The Week of Fierce Females

I have to shout out Post-Academic Athenas and Self-Employed PhD, two communities that have radically expanded my network and have put so many valuable resources at my fingertips. The stars aligned this past week and between Monday and Friday I had the opportunity to chat or collaborate with ten amazing women with PhDs. I am working with half of them on scholarly research, teaching, or writing support, and the other half are a stalwart braintrust--women from whom I have learned everything I know about how to leave academia for entrepreneurship. Lately I have been thriving on the energy generated through all these collaborations and friendships, and feel immense gratitude for these relationships. 


Here's what captured my attention this week...

I'm reading: I finished Thomas Mullen's Darktown a few nights ago and thought it was a solid detective mystery. The selling point for me was how Mullen used the standard plot of a murder investigation to shine a light on the racism and violence directed towards Atlanta's first African American policemen, not only by white Atlantans and but also by those black Atlantans who profited from the underground economy of moonshine and prostitution. These petty criminals aligned themselves with the white cops that protected their rackets, selling out the black cops who threatened to clean up the city's black neighborhoods. By following the deteriorating relationship between one ethical white cop and his unscrupulous partner, Darktown reveals how corruption within the predominantly white police force enabled racist violence against their black colleagues. If you loved In Cold Blood and Midnight in the Garden of Good and Evil and enjoy a good detective story, you may also like Darktown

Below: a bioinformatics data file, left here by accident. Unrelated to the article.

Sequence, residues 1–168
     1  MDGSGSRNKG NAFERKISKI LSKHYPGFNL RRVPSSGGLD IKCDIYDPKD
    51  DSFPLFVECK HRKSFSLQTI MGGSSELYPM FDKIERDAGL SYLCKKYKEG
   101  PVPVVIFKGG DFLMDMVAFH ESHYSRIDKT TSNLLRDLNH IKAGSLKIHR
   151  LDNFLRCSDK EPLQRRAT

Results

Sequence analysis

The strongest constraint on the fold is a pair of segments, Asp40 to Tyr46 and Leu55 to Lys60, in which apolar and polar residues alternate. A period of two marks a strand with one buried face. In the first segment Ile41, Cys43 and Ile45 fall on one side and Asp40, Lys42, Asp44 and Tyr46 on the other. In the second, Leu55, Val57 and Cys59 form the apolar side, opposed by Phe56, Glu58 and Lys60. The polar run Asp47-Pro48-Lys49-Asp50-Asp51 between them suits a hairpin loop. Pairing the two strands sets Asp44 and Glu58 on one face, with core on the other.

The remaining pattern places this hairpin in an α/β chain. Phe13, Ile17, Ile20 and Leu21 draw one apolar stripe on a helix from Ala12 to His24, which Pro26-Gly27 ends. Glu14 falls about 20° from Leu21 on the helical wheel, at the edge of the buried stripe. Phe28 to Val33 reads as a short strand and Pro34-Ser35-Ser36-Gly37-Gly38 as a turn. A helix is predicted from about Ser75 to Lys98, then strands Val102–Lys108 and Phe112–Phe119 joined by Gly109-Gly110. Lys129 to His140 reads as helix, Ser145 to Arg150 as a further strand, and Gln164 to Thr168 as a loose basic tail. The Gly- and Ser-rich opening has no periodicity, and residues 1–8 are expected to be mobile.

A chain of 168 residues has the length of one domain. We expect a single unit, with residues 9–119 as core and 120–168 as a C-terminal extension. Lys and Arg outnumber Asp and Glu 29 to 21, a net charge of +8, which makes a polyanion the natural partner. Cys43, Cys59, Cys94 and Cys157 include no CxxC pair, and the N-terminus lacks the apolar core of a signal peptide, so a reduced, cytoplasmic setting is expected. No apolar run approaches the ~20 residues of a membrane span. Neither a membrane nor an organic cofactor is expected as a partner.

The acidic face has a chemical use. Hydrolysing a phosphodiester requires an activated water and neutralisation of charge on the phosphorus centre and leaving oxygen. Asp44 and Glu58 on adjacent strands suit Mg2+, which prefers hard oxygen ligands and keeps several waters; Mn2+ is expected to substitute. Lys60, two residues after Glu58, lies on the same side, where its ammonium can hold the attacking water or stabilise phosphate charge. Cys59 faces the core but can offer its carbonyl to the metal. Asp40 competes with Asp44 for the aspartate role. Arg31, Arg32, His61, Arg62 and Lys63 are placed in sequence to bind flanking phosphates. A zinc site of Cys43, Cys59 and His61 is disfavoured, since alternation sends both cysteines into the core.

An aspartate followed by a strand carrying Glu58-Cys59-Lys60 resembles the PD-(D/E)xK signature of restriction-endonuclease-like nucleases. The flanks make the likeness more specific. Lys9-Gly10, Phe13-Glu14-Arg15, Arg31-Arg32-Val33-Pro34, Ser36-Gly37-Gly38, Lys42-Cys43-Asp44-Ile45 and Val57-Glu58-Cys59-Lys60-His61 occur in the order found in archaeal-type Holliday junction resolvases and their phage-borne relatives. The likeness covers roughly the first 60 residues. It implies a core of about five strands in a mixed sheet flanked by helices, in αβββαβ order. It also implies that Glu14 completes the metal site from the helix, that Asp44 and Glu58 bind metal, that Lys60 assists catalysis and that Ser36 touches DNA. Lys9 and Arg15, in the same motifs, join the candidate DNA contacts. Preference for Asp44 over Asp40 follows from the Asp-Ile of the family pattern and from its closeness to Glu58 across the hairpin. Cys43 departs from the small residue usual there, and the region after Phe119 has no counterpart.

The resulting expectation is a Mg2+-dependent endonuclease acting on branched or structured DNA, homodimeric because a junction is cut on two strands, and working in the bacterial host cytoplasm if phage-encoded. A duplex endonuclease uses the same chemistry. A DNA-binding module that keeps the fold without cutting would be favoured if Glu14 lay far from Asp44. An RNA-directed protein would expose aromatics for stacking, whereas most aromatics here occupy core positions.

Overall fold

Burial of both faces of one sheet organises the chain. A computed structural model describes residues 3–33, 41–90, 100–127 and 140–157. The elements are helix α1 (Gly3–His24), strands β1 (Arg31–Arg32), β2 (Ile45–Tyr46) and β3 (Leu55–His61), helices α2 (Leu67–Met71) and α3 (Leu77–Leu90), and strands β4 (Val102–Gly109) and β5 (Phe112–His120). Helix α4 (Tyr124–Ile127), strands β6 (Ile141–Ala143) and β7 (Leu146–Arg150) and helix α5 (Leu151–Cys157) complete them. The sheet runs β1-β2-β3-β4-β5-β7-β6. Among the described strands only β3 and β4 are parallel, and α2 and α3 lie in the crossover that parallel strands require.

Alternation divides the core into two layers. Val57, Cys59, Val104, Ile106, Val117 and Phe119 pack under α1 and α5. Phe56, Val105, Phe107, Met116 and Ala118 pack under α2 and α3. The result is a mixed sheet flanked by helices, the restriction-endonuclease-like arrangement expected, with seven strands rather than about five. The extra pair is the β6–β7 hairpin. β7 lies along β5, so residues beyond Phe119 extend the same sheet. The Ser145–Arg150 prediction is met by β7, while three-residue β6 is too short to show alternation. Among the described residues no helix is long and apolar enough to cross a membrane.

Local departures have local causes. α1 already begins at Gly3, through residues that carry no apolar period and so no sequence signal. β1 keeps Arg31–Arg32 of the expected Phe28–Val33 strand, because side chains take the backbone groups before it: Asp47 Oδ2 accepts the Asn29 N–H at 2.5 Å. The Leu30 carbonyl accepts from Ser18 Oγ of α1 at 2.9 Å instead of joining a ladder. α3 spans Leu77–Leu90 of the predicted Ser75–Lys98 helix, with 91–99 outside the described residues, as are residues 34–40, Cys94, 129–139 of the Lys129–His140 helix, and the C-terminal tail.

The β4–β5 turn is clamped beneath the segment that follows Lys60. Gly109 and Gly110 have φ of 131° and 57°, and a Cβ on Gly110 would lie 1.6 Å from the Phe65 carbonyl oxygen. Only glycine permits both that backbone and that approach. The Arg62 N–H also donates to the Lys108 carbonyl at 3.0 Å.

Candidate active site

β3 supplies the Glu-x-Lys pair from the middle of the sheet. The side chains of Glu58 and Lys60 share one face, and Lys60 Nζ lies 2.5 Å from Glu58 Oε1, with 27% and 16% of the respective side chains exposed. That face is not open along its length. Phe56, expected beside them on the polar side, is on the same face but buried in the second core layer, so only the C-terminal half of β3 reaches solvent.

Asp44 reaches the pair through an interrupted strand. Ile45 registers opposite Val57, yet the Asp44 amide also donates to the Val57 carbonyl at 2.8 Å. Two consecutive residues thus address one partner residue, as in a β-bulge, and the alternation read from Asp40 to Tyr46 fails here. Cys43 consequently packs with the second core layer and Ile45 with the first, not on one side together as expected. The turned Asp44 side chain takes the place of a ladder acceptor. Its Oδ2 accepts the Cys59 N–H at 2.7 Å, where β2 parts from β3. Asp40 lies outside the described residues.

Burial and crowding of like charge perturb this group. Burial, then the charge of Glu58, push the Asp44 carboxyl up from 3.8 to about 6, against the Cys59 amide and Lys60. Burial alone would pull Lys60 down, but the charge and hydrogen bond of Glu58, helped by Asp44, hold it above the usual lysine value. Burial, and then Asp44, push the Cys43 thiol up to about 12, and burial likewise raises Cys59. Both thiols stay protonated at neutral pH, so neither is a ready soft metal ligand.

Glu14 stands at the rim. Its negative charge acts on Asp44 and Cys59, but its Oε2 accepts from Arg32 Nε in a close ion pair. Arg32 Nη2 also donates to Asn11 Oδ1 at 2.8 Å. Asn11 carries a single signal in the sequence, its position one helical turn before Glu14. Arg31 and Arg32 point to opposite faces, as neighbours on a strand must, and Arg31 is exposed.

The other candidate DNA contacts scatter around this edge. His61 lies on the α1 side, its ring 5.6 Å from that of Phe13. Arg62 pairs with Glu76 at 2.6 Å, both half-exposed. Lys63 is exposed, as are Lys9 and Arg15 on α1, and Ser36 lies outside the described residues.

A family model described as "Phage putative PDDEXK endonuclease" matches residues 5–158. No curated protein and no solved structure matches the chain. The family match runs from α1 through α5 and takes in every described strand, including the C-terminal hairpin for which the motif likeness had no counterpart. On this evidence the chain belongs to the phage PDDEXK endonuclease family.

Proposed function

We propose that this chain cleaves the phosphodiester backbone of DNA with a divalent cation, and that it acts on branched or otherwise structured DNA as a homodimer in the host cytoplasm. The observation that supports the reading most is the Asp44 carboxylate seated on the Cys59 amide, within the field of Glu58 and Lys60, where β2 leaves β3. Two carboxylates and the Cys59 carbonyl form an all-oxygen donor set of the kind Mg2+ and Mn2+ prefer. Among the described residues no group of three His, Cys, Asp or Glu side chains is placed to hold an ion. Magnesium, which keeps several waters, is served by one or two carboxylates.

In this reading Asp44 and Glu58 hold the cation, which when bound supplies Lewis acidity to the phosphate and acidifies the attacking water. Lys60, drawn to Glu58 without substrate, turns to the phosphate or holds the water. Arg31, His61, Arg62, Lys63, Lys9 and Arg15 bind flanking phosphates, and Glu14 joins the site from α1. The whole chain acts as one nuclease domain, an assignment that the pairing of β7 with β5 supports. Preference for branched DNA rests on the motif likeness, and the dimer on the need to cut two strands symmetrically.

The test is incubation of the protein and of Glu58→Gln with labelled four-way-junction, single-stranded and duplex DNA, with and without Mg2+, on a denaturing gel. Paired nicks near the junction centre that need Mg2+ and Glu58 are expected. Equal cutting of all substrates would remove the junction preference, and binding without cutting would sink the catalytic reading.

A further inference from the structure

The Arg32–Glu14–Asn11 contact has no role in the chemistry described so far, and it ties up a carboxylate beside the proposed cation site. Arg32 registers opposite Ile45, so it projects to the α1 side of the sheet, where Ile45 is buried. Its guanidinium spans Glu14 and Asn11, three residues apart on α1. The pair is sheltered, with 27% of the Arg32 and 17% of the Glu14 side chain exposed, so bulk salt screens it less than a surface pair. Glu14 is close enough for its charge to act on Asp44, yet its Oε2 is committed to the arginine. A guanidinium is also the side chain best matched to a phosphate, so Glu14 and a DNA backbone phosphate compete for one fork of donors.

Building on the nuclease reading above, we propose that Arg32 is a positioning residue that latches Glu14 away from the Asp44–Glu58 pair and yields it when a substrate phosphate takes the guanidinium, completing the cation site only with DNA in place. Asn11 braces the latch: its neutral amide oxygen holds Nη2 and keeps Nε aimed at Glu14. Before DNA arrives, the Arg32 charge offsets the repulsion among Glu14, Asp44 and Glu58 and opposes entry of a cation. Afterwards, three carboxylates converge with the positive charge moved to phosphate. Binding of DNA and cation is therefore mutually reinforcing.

Yesterday, for the first time in a very long while, I sat down and read an entire book in one day. My friend Amanda enthusiastically recommended Sy Montgomery's The Soul of an Octopus--she actually included it on her 10 favorites of 2017 list--and it lived up to her hype. Montgomery is a naturalist who, around 2011, began visiting the octopuses at the New England Aquarium in Boston. She quickly became fascinated by the intelligence of these cephalopods and began learning about the biology, psychology, and social behavior of these animals. Montgomery introduces you to all of the octopuses and octopus lovers that she meets throughout her research, while also demonstrating how octopuses can challenge our belief that consciousness and sense of self are distinctly human traits. It's a beautifully written, informative, and thought-provoking book.

As I am writing this, I am realizing that The Soul of an Octopus forms a trifecta with two other books I have loved over the past few years. In 2016 I read Helen MacDonald's H is for Hawk, which is a stylistic masterpiece of nature writing that also focuses on a single animal. MacDonald's memoir is about how, after her father's death, she trained a goshawk as a way to deal with her grief. More profoundly, however, in H is for Hawk MacDonald is trying to understand and explain why modern society simultaneously pushes away and hungers for wilderness and wild animals. Montgomery, by contrast, uses her octopuses to challenge the reader to see animals as less wild and more conscious--more like humans than we would ever suspect. Then in 2017 I read another memoir, William Finnegan's Barbarian Days, whose central obsession is surfing rather than an animal. Through the lens of surfing, however, Finnegan portrays an ocean that is at once filled with life and with real danger. Certainly, there were octopus burrowed within the coral reefs over which Finnegan surfed in Hawaii and Australia and the islands of the South Pacific, but the author tells us more about the waves and the tides and how water behaves when it strikes against land. Surfing (Barbarian Days) thus marks the boundary between human land (H is for Hawk) and the fish's sea (The Soul of an Octopus). Ultimately, all three books drew me into a fascination with subjects about which I previously had no interest.